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Written and Contributed by
M/s Prabhakar B. Bhagwat
An intent to realize; a 200-acre basalt quarry is now a protected forest – a result of a process that has been designed for optimal human intervention.
What is the project about?
There are close to 3000 mines in India that produce various minerals. Mines in Gujarat majorly produce limestone, silica sand, bauxite, and lignite amongst other minerals. Mining policies in the State are framed with the aim of facilitating environmental preservation. Two policies regulate the mining and excavation of minerals in the State under Section 15 of the Mines & Minerals Act 1957 (amended in 2015). However, these policies now seem to have taken on a role that, more than anything, facilitates mining activities in the state; of making progress by promoting mining activities.
It is in this context that the rejuvenation of a basalt quarry was undertaken.
Timba – in Mehasana – is situated about 110 km South-East of Ahmedabad, and 100 km North-East of Baroda. It is part of the geological tract that forms part of the Pavagadh basalt deposit. Mining operations in this region have been undertaken for several decades with mineral working – disturbing the natural balance – creating large, barren tracts of land.
Standing in the midst of one such ravaged basalt quarry on a hot summer day, Prof. Prabhakar Bhagwat exclaimed that he wanted to convert it into a self-sufficient forest. Concerned that he was suffering from a heat stroke, the patron hurried him to a shaded spot and offered him something cold to drink. Prof. Bhagwat, was of course, completely serious.
The idea was to return the entire tract of land back to nature – to re-establish vegetation.
And so, the process began. It was designed to ensure only optimal human interference, and began with an indigenous selection of plants, thereby enabling a vegetative cover on the ground that would ultimately assist in conserving soil moisture.
The process of restoration began with addressing the top layer of soil – making it mulch to create micro-environments necessary for the growth of native shrubs, trees, and other indigenous species. Soil from pagdandis located within the surrounding farmlands was collected and spread evenly in the area.
Weeds from the surrounding areas were introduced onto the site – and were encouraged to take over the land. A nearby stream was diverted to fill the basin and was then populated with fish. An estimate from approximately 10 years ago suggested that the lake could produce fish worth 16,00,00 INR per year.
The land itself, now, stands as an example of a rejection of the hierarchy between man and nature – with human interventions only facilitating the safe-guarding of the ecosystem that has been established over the last nearly 5 decades.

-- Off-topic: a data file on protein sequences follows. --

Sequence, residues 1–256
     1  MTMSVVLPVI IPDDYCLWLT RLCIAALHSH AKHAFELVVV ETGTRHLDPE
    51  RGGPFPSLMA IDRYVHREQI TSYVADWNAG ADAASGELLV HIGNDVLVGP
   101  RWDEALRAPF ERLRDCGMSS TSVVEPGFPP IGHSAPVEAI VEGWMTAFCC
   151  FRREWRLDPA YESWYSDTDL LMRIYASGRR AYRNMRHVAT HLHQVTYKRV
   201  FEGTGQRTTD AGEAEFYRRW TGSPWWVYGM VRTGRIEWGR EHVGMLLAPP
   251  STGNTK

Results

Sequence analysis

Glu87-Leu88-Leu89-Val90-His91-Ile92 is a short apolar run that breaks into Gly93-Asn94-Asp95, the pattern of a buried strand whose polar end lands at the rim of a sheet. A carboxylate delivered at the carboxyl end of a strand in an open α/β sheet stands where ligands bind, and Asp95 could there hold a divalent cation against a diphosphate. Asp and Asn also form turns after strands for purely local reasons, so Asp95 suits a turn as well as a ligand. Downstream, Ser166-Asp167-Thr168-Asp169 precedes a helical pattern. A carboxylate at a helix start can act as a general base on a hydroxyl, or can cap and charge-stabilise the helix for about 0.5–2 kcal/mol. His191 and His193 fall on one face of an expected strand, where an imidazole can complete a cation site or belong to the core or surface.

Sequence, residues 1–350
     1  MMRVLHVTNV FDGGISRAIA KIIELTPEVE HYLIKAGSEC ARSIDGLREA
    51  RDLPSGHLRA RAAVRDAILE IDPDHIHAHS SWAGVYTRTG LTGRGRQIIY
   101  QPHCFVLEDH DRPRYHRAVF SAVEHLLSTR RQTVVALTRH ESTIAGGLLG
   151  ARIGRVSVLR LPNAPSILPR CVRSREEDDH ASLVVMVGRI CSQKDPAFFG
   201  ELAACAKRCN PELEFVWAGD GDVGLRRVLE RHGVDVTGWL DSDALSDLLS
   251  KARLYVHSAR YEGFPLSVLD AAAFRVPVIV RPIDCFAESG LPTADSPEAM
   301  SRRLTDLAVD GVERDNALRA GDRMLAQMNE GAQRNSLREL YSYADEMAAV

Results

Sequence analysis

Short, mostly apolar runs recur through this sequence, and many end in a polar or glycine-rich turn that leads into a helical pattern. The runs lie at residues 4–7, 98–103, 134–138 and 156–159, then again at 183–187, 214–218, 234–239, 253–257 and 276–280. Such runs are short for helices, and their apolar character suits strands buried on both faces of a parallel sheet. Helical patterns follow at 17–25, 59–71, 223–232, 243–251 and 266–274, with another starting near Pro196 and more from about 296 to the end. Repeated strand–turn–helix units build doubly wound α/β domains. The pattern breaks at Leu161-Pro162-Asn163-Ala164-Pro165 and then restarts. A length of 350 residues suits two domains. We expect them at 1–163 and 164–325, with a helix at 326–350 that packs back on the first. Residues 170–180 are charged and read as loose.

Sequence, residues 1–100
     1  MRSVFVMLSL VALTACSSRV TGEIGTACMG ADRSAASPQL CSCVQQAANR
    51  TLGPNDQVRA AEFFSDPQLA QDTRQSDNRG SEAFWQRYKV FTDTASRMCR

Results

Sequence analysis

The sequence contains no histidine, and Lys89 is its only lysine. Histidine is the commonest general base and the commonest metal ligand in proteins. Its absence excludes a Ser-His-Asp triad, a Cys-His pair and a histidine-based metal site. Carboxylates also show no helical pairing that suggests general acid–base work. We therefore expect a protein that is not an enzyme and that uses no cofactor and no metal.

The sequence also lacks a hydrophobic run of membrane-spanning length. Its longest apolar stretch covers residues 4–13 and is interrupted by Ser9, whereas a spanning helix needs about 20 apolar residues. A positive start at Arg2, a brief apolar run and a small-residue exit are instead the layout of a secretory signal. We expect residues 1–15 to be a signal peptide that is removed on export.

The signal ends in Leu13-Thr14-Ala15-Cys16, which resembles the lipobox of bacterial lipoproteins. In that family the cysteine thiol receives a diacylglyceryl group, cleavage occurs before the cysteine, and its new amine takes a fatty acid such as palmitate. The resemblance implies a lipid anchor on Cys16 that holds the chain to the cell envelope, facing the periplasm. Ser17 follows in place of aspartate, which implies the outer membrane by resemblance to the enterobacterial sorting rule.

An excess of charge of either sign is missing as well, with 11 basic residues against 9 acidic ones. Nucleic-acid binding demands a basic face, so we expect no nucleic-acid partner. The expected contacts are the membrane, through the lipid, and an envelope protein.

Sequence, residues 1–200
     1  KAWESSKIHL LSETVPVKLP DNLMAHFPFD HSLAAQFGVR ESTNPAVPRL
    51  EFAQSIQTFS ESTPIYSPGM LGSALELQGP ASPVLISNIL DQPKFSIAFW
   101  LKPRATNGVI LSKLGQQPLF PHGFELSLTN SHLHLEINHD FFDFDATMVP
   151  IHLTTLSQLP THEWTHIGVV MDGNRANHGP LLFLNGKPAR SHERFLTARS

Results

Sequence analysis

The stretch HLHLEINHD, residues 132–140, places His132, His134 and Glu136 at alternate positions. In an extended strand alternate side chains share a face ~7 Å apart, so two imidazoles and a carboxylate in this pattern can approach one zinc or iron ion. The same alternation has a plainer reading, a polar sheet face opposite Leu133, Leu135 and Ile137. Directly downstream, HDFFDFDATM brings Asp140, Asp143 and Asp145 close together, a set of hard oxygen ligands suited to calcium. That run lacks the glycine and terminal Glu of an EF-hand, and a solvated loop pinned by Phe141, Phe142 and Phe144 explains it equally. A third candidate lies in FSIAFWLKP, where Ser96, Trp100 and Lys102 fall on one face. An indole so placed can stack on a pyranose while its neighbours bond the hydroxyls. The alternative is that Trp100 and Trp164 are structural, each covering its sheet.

Project Funded by
M/s SI Quarry Works, Baroda (Timba)
What is the impact?
Within the studio, we have come to regard this project as something of a benchmark. It is a project that speaks to ideas of ecology, of restoring balance, of establishing an ecosystem that is self-sufficient. It distinguishes itself by creating value that is embedded within the land; a value that is removed from the Anthropos – reinforcing the ability of a commission to be more than its immediate use or context. The processes that were laid out at the time have become foundational principles – principles of sustainability, of creating value within the land, of ecology – for the commissions that the studio now undertakes. It has led to:
– Questioning ideas of hierarchy between man and nature; building value within the land.
– Setting out an adaptable process that allows for the restoration and rejuvenation of land.
– Demonstrating the resilience of nature.
– A project that is a result of simple, informed solutions being deployed to address issues of sustainability, biodiversity, and ecology.
Images by M/s. Prabhakar B Bhagwat | © all rights reserved
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About M/s. Prabhakar B Bhagwat :
M/s. Prabhakar B Bhagwat is a third-generation design studio with offices in Ahmedabad and Mumbai.
Having practised for nearly five decades now, it leads the thinking on Landscape Design, Environmental Planning and Master Planning in the country and is highly regarded for the work it undertakes in Architecture and Interior Design.
Varying in scales and typologies, the commissions that the studio undertakes are guided by uncompromising ethics, intense design processes, the pursuit of knowledge, and a commitment to the outstanding realization of the design. Research, inventive thinking and continuous learning are key to the studio’s process.